I have a question about the kinds of childcare activities included in AHTUS and ATUS. Is respondents’ time spent providing care for children outside of the household included in child care categories? (and in the adult care categories?).
I assumed it was for all AHTUS surveys but I just calculated the proportion of adults not living with children under 18 who report spending time on childcare and this proportion drops starting in 2003, which coincides with the ATUS. Before 2003, about 3-6 percent of men not living with children under 18 report some time on childcare but starting in 2003 this drops to <1 percent.
My understanding of your post is that you are looking at data from 1965-present via IPUMA AHTUS, and that you observe a large shift in the share of adult males without children in their household who spend any time on care for children between the pre-ATUS samples and the ATUS beginning in 2003. You are, therefore, inquiring about how childcare for non-household children is coded over time in the AHTUS. Please correct me if that’s wrong.
The pre-2003 AHTUS samples are a series of unique surveys with much less consistency than the 2003-forward ATUS data (see sample descriptions).
Our collaborators at the Centre for Time Use Research at the University of Oxford provide documentation (see the “documentation” link on the MAIN variable description) indicate that in the heritage datasets, care of children from outside the households is included with care of adults (MAIN = 40) and that only care of children from one’s own household are included in the childcare codes (MAIN >= 33 & MAIN <=39).
Because you describe looking at adult men without coresident children, I assume you would need to create a time use variable that measures time spent on adult care with a child under 18 present. If you can provide some information about how you are defining time spent on caring for non-household children, I will be able to look into your question further.
Thank you so much for your help. Your understanding of my question is correct, I am interested in examining if we can create a comparable measure of time spent providing childcare for children outside of the household.
The information you provide is very useful, but I am still puzzled by what I see in the data. For pre-ATUS surveys I identify about 3-6 percent of men who do not live with children under 18 but who report spending time on childcare (using MAIN 33-39 codes). It for the ATUS survey period that this percentage drops (perhaps because MAIN 33-39 are not supposed to include childcare for non household children?). If so, I wonder if the 3-6 percent of men I see in the data reporting childcare but not living with children pre-ATUS is a data error or if it is capturing something else.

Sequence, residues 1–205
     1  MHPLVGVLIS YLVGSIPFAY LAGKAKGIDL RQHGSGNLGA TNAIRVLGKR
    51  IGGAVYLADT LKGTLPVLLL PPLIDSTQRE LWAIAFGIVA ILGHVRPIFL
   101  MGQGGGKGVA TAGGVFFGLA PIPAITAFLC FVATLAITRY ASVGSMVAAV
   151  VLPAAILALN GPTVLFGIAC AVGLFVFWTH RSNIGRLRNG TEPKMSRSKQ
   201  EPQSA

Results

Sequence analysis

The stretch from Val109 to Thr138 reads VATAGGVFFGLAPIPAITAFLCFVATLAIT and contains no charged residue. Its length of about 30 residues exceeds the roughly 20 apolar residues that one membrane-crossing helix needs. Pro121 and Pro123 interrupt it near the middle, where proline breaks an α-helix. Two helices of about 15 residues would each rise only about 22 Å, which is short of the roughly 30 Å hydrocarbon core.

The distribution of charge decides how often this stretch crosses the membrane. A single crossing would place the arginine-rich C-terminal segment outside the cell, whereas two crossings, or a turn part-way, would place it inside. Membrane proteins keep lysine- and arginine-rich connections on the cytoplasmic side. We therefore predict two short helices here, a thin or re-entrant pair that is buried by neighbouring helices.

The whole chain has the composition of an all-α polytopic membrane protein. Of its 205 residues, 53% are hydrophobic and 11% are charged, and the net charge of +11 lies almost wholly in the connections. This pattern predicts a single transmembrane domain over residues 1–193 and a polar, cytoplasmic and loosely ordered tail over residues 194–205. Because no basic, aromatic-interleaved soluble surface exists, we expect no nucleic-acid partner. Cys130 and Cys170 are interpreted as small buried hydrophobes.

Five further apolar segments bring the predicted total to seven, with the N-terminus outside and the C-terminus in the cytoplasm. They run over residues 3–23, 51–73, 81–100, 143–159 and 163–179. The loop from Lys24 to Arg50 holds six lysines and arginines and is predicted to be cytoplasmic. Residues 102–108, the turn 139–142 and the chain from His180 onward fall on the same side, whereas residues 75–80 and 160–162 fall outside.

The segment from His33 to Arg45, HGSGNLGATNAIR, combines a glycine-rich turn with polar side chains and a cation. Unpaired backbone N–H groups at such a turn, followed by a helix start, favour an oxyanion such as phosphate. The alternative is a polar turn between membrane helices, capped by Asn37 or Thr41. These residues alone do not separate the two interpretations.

I know that using ATUS files I could measure childcare for own household and for non-own non-household children, but I was interested to see if I could extend this measure further back. My guess is that this is not possible if childcare for non-own non-household children is added to the adult care code (MAIN 40).
Thank you for your patience in awaiting a response. I took a look at the 1998 sample data and the 2003 sample data, the harmonization syntax (which shows how the Centre for Time Use Research harmonized the pre-ATUS samples), and the main activities harmonization documentation. My best guess as to what’s occurring is that non-household childcare is included in childcare activities (MAIN codes 33-39) in the 1998 data. In the 2003 ATUS, non-household childcare is separated out into adult care and no longer included in MAIN codes 33-39. My reasoning for this is that I do not see any distinction between (or mention of) non-household children versus household children in the 1998 sample documentation, such as the Family Interaction, Social Capital, and Trends in Time Use 1998-1999 user guide or the main activities harmonization documentation. In 2003, it’s clear in the documentation that non-household childcare is included in adult care. It is not at all clear where it’s included in 1998, which makes me think it is likely included with household childcare in the general childcare codes.
In the 1998 sample, if non-household childcare is included in childcare activities, it makes sense that some share of people without coresident children engaged in childcare activities. Then, in 2003, when those non-household childcare activities were no longer part of the childcare activity codes, it also makes sense that the share of people without coresident children who spend time on (household) childcare would decrease dramatically—they don’t have any household children to spend time with. The remaining <1% of respondents without coresident children who spend some time on household childcare can be attributed to misreporting, inconsistent reporting, coding errors, and so on.
The best strategy to identify time spent on care of non-household children will therefore differ depending on the sample you are using. I can provide some more information about how I might go about that if it would be useful to you.